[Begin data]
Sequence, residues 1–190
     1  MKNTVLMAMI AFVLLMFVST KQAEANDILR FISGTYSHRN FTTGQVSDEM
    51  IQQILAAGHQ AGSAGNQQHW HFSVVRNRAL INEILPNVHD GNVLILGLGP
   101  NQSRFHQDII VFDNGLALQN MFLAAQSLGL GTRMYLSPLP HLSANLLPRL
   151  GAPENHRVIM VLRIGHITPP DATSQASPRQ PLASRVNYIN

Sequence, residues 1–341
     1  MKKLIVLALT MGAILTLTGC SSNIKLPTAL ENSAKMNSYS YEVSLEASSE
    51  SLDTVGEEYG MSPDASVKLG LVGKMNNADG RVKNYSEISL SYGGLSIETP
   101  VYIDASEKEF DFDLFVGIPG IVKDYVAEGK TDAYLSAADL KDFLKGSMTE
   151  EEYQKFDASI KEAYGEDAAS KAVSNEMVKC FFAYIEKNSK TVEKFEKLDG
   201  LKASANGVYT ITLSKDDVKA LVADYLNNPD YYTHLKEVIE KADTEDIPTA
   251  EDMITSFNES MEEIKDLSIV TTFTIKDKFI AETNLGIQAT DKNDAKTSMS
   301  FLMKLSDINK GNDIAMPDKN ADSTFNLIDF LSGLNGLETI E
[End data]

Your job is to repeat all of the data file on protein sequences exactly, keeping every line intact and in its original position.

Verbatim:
Sequence, residues 1–190
     1  MKNTVLMAMI AFVLLMFVST KQAEANDILR FISGTYSHRN FTTGQVSDEM
    51  IQQILAAGHQ AGSAGNQQHW HFSVVRNRAL INEILPNVHD GNVLILGLGP
   101  NQSRFHQDII VFDNGLALQN MFLAAQSLGL GTRMYLSPLP HLSANLLPRL
   151  GAPENHRVIM VLRIGHITPP DATSQASPRQ PLASRVNYIN

Sequence, residues 1–341
     1  MKKLIVLALT MGAILTLTGC SSNIKLPTAL ENSAKMNSYS YEVSLEASSE
    51  SLDTVGEEYG MSPDASVKLG LVGKMNNADG RVKNYSEISL SYGGLSIETP
   101  VYIDASEKEF DFDLFVGIPG IVKDYVAEGK TDAYLSAADL KDFLKGSMTE
   151  EEYQKFDASI KEAYGEDAAS KAVSNEMVKC FFAYIEKNSK TVEKFEKLDG
   201  LKASANGVYT ITLSKDDVKA LVADYLNNPD YYTHLKEVIE KADTEDIPTA
   251  EDMITSFNES MEEIKDLSIV TTFTIKDKFI AETNLGIQAT DKNDAKTSMS
   301  FLMKLSDINK GNDIAMPDKN ADSTFNLIDF LSGLNGLETI E